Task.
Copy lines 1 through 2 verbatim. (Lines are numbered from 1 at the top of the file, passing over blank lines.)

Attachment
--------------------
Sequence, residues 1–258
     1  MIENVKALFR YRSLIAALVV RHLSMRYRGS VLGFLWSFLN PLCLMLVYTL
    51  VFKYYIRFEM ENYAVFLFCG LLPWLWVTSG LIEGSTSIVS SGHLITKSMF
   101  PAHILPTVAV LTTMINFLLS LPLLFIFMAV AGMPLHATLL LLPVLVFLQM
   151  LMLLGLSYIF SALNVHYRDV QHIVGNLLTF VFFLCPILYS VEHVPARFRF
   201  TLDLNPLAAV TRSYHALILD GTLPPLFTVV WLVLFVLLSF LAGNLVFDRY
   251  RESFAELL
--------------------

Sequence, residues 1–258
     1  MIENVKALFR YRSLIAALVV RHLSMRYRGS VLGFLWSFLN PLCLMLVYTL